It became a fascinating study, and I was filled with admiration for the two New Zealanders who built on a Frenchman's system, and was responsible for the wonderful device we have today to bring us wealth or woe if we are susceptible to its charms. Mr Oller was a Parisian businessman, and as a side-line to his selling of toilet articles he conducted lotteries and a bookmaking business. On the latter he consistently lost money. At last he devised a system which would allow people to bet among themselves, and give the winner a part of all the money bet, in proportion to the individual wager. I had wondered what the "Pari-mutuel" was. This is it. "Parier" means to wager, and "mutuel" is between ourselves.
So, in 1872 Mr Oller in an office in Paris prepared many stacks of tickets, sold them and used his system for race meetings near the city. It was in demand, and he extended it by sending carriages and an army of clerks and accountants to sell pari-mutuel tickets on the courses themselves; in Belguim and England as well as in France. His commission was between 10 and 20%, and his profit enormous with the popularity of the betting system. It was completely honest; he was an honest man, which was not always the case with some bookmakers. New gambling laws put him out of business for some years; but by 1890 he was in business again though paying a government tax. His division of the pool money has altered little since then.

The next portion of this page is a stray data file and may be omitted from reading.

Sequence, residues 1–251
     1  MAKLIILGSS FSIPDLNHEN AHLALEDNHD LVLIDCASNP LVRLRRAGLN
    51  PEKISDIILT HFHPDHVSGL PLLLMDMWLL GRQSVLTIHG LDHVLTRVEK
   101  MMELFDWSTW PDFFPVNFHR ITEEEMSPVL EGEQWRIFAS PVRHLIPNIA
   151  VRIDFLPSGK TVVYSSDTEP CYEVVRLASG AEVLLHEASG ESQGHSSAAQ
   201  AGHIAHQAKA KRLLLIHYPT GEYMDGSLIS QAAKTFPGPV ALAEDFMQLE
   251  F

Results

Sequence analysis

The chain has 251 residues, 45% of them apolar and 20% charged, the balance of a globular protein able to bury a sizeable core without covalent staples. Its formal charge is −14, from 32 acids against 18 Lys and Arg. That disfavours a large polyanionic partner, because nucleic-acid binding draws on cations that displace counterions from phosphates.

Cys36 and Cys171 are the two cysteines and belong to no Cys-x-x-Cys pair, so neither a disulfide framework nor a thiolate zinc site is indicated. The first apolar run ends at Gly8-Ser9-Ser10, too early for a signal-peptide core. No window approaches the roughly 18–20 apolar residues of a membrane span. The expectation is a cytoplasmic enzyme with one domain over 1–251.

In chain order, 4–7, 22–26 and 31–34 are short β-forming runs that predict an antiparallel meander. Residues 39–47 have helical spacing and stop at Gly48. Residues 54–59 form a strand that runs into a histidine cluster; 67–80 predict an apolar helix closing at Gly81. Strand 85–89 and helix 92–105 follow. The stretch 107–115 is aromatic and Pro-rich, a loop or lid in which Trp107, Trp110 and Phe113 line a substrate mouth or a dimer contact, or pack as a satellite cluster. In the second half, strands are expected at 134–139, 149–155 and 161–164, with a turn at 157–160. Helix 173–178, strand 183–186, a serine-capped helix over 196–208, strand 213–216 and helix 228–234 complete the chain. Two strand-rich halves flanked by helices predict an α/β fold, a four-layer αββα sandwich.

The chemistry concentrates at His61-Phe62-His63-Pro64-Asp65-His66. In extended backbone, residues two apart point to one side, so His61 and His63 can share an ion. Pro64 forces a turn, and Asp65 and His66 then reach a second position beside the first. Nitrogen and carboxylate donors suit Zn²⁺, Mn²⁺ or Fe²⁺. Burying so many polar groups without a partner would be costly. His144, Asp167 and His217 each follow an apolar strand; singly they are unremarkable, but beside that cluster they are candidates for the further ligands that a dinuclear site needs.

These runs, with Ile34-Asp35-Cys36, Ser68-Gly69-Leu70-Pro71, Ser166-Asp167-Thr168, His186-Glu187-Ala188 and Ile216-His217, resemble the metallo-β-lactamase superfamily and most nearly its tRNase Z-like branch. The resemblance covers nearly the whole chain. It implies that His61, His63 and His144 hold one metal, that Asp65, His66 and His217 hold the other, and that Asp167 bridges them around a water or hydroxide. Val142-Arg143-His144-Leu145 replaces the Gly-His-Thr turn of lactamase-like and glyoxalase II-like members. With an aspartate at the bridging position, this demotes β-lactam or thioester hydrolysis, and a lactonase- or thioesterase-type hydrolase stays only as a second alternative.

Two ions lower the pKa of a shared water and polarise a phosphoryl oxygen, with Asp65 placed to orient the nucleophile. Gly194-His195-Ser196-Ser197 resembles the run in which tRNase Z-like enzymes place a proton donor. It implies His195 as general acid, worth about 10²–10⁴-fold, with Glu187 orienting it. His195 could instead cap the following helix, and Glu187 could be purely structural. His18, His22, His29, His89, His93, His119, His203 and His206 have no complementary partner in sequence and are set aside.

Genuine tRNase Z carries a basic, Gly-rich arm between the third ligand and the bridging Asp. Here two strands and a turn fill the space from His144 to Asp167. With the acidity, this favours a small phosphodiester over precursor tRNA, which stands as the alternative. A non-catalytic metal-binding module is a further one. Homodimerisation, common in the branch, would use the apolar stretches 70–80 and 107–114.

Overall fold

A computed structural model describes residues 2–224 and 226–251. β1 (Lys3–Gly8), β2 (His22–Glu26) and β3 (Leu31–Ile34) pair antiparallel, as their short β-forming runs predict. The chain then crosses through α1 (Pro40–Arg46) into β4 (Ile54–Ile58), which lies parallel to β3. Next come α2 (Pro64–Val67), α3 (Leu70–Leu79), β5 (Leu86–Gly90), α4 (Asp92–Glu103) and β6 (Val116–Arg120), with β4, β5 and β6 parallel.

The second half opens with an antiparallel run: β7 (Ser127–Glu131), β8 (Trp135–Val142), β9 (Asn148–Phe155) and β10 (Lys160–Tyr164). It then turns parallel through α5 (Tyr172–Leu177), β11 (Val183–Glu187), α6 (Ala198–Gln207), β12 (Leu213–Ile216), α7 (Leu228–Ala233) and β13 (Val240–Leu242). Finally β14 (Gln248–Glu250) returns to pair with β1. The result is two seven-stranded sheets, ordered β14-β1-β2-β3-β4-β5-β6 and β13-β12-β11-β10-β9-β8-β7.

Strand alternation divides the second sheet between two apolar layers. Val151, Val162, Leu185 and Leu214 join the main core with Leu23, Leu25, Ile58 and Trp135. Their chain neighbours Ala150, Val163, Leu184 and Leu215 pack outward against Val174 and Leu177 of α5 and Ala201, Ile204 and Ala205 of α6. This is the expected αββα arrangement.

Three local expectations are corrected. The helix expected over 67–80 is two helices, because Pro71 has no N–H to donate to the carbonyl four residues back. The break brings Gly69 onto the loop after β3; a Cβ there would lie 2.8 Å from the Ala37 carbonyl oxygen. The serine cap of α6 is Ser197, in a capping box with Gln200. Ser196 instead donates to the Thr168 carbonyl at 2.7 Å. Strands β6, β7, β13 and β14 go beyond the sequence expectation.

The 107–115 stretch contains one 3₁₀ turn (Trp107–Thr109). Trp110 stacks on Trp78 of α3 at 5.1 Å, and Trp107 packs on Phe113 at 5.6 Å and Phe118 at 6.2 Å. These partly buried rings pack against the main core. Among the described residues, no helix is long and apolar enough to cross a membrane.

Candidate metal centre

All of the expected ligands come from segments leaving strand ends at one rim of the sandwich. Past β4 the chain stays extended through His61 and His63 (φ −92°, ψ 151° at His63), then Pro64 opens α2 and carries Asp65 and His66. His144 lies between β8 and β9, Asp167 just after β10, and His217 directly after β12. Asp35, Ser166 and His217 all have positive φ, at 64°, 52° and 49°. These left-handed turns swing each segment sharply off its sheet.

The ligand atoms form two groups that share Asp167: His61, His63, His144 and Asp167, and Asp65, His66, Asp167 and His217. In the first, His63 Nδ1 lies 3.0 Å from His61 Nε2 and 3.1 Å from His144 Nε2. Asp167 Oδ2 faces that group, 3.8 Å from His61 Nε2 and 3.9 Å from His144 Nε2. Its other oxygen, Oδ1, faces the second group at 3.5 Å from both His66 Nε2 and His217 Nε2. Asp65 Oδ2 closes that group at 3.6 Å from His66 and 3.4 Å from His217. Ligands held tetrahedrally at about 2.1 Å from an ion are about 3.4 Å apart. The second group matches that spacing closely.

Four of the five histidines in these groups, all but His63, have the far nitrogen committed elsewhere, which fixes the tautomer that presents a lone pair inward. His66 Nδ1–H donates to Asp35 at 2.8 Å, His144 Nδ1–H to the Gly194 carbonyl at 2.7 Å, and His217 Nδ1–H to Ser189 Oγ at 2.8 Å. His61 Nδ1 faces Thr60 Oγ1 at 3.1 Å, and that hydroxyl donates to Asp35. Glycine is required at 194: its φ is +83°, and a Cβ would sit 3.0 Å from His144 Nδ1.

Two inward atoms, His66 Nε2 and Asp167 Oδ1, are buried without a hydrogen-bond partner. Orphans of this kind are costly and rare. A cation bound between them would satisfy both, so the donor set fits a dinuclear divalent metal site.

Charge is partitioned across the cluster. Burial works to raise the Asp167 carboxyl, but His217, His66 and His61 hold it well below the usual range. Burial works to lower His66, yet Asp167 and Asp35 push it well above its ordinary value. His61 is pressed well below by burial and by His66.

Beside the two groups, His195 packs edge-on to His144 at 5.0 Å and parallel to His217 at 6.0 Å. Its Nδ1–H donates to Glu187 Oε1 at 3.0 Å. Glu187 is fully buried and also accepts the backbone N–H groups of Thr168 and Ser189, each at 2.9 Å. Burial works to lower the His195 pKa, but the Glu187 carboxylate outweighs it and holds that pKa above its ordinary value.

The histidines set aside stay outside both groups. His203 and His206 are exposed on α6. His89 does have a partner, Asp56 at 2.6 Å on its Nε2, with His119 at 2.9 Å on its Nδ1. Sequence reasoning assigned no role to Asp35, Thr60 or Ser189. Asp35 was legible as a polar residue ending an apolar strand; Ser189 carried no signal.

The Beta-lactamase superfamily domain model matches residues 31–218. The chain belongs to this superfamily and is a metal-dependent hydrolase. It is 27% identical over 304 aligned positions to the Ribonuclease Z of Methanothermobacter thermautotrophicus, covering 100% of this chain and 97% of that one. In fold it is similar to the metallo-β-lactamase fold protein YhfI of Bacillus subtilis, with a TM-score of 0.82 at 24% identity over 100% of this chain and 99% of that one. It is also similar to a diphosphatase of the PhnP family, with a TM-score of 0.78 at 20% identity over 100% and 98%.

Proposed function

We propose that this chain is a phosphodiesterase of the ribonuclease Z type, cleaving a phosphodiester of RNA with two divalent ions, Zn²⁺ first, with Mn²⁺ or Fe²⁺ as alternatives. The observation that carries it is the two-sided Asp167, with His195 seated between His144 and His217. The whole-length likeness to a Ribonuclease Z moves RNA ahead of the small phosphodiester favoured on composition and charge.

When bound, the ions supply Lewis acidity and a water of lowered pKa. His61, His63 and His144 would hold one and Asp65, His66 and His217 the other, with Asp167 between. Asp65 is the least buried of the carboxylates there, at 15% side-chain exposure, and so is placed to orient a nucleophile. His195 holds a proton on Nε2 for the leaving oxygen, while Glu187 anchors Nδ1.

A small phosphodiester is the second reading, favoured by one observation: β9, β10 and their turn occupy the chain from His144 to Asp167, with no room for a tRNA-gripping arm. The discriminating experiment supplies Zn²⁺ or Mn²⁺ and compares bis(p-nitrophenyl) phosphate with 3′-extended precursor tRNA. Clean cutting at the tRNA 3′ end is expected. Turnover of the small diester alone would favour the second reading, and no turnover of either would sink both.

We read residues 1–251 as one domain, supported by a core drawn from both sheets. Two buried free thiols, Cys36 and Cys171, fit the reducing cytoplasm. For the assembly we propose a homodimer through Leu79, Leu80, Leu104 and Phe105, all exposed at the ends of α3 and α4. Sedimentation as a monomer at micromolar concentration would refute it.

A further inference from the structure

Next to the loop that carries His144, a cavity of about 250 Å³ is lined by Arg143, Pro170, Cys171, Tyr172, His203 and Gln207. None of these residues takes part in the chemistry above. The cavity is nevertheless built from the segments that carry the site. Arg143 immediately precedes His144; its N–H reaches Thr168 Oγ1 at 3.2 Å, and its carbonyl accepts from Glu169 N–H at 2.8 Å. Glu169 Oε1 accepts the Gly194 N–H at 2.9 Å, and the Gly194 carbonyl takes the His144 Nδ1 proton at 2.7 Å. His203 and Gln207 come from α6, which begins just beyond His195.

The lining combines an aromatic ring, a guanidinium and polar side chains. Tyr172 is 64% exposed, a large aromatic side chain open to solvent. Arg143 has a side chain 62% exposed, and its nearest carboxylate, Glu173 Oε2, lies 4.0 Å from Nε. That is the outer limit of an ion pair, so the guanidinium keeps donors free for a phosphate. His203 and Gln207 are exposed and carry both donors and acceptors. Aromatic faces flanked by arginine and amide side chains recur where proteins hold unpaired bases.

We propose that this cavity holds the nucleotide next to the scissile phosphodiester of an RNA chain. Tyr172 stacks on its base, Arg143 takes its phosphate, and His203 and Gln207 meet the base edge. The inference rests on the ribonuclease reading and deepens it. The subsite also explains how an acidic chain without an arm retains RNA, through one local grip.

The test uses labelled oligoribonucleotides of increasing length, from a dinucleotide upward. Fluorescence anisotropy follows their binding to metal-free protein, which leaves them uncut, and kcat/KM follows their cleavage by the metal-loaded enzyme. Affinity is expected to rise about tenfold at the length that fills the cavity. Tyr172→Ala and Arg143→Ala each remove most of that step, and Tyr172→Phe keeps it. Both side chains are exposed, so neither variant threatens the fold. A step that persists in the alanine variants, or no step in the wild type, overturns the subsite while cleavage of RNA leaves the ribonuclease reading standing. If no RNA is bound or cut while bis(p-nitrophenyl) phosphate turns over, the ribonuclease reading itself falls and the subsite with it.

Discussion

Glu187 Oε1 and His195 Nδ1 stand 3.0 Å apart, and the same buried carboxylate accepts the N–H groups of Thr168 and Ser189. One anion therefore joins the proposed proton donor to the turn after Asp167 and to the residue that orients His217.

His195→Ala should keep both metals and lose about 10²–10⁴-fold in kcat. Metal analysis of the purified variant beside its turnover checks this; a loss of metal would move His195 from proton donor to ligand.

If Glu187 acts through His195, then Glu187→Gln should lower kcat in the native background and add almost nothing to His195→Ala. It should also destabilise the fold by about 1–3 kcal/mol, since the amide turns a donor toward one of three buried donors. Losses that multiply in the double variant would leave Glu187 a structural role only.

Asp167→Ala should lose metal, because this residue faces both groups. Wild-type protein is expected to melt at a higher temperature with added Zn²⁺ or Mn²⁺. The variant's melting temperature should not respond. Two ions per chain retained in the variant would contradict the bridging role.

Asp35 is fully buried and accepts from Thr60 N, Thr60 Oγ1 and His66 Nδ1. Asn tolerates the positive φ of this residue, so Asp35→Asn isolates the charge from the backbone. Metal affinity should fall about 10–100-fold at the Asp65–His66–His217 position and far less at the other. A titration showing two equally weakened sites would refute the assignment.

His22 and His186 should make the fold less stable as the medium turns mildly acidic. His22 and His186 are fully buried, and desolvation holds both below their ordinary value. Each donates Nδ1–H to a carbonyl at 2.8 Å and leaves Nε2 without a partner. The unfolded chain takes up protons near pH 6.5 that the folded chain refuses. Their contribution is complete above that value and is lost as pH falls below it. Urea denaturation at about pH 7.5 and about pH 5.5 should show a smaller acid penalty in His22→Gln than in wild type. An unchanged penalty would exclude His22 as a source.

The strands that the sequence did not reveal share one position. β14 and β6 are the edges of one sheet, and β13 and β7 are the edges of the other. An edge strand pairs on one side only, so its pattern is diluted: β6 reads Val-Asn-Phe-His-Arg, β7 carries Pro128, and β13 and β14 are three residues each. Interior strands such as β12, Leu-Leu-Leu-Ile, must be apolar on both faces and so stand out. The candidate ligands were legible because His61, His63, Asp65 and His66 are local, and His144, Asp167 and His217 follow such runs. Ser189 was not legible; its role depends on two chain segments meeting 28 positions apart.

Queer-looking betting contrivances were used on race tracks before this, and the "marble" machine was used in Australia. When a ticket seller issued a ticket he dropped a marble into a chute for that selected horse. It rolled down to a counting place at the end of the buildings, and the dividend was arrived at by the number of marbles at the end of the winners chute. This simple system failed when few marbles got past a dead, undiscovered rodent body halfway along the chute.
Then a New Zealander named Ekberg became interested in Oller's pari-mutuel betting, and produced a hand operated machine which would speed up the procedure of selling tickets and recording bets. He called it a totalisator, and it was first used in 1880 at a race meeting of the Canterbury Jockey Club and in the same year at Auckland's Ellerslie race course.